3/5 52% Tequila Sunrise (1988) Writer/director Robert Towne has done better work, as scriptwriter on classic movies such as Chinatown, for example, but this thriller is still an extremely entertaining illustration of his work. - Radio Times EDIT
Read More | Posted Aug 12, 2020
3/5 45% Quest For Camelot (1998) Adapted from the novel The King's Damosel by British writer Vera Chapman, it's hot on character but rather devoid of action. - Radio Times EDIT
Read More | Posted Aug 10, 2020
3/5 57% Absolute Power (1997) Credibility is the main casualty of the piece, but William Goldman's taut script is well realised by thoughtful direction and the high-calibre cast. - Radio Times EDIT
Read More | Posted Jun 25, 2020
3/5 41% Hardball (2001) Despite his charm, Keanu Reeves hasn't the authority to carry it through, and his performance only underlines the clichés. - Radio Times EDIT
Read More | Posted May 13, 2020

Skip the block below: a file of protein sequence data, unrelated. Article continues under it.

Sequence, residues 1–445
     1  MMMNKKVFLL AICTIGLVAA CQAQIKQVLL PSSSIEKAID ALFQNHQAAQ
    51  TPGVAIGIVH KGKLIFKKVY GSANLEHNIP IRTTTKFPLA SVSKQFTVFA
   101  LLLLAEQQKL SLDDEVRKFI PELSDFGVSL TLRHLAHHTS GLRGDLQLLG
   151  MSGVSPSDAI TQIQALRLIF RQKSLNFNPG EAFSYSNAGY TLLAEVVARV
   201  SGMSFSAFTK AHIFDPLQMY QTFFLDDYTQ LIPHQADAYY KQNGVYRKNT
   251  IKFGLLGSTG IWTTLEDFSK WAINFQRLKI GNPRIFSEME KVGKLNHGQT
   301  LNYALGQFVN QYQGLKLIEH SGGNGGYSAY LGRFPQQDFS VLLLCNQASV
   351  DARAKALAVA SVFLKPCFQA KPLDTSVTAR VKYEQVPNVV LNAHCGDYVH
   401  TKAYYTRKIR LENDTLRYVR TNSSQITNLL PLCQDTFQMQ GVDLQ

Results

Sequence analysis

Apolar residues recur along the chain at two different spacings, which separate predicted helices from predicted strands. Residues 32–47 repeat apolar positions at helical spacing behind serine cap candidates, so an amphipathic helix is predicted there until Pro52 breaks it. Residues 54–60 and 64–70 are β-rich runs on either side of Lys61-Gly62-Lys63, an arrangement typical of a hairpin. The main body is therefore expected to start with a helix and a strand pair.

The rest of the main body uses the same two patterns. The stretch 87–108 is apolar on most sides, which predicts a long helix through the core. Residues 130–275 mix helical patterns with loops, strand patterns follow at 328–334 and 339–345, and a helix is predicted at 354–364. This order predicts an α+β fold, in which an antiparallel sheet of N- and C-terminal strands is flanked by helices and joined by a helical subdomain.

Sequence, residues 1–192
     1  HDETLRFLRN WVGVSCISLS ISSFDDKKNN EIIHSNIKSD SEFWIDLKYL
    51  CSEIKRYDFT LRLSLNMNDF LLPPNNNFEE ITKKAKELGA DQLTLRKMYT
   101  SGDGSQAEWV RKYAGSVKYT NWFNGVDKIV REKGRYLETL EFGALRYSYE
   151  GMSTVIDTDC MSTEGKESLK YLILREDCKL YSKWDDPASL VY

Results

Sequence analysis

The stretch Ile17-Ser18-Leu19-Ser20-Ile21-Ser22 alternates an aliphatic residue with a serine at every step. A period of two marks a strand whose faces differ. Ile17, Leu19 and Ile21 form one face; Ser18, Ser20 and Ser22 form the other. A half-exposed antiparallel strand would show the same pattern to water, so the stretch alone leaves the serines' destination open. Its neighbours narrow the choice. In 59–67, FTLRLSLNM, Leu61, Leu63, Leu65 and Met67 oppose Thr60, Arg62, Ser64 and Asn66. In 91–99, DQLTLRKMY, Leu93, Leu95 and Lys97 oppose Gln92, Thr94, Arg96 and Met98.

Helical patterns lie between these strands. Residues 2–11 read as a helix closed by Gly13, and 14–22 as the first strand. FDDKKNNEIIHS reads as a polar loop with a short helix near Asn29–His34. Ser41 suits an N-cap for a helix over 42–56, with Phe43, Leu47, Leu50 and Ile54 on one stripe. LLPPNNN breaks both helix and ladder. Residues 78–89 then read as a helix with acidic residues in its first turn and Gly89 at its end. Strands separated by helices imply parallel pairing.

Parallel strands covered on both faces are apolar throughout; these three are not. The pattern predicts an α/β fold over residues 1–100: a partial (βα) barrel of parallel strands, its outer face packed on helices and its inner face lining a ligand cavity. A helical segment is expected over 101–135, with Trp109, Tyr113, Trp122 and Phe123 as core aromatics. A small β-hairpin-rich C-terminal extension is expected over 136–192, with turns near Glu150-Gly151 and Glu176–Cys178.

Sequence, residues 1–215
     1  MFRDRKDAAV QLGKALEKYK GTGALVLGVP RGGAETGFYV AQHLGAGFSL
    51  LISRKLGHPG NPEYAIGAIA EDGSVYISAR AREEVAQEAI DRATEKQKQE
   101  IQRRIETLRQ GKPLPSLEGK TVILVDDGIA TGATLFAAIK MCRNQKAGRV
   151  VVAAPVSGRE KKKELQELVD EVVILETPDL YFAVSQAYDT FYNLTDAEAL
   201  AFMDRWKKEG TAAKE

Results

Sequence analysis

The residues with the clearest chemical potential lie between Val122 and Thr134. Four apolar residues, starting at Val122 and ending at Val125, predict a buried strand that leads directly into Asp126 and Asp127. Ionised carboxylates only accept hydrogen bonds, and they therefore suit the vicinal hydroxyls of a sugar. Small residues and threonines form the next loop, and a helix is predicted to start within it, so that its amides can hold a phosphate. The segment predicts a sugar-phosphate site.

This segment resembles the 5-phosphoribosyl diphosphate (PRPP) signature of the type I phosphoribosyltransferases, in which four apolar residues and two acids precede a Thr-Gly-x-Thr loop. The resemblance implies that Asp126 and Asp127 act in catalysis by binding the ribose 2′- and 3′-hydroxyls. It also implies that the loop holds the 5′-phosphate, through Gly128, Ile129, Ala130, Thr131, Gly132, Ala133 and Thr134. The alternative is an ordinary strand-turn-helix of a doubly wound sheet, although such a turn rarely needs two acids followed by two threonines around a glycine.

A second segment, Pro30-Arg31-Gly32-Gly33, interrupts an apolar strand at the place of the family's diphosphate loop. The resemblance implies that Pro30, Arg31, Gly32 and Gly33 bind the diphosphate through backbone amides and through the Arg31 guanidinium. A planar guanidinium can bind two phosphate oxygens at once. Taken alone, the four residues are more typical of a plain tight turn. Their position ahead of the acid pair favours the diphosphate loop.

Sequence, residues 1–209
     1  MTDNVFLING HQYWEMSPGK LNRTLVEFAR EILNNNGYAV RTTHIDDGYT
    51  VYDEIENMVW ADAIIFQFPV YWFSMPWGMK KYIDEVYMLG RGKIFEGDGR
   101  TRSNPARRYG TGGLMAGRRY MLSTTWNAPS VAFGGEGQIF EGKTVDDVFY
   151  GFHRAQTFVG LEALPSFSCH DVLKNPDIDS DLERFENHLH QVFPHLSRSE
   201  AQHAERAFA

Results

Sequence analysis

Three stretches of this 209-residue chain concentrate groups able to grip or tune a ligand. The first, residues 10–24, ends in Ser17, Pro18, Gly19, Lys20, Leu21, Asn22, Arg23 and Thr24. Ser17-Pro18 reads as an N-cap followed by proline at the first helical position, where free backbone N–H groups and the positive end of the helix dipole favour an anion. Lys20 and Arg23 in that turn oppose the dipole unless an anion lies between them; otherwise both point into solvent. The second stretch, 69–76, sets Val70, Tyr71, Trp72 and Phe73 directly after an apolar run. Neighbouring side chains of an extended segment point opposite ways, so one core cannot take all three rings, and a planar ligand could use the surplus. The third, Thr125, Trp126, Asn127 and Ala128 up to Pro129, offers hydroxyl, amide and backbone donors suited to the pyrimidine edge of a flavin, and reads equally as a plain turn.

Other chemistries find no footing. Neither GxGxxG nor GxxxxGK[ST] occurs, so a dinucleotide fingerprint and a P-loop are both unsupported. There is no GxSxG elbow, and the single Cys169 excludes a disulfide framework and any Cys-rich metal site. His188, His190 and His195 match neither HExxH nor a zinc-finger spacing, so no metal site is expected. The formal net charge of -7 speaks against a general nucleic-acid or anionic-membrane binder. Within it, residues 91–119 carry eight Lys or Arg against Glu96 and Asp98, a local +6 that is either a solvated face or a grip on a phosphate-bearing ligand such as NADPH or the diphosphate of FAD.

3/5 55% Ned Kelly (2003) Heath Ledger gives a growling performance as Kelly, while the oppressive nature of the world in which he lived is evocatively presented. - Radio Times EDIT
Read More | Posted Nov 27, 2019
2/5 38% Mary Shelley's Frankenstein (1994) In attempting to keep faith with the original novel, Branagh concentrates too much on design and content, and loses the heart and soul of the story in the process. - Radio Times EDIT
Read More | Posted Nov 27, 2019
3/5 80% The Great Mouse Detective (1986) An attractive idea, but rather crudely done for Disney animation... - Radio Times EDIT
Read More | Posted Nov 12, 2019
83% The Original Kings of Comedy (2000) There are few British comics who can stand up to these stand-ups when it comes to outrageous comments on real life; with this film, Lee gives them a well-deserved global audience at last. - Radio Times EDIT
Read More | Posted Aug 7, 2019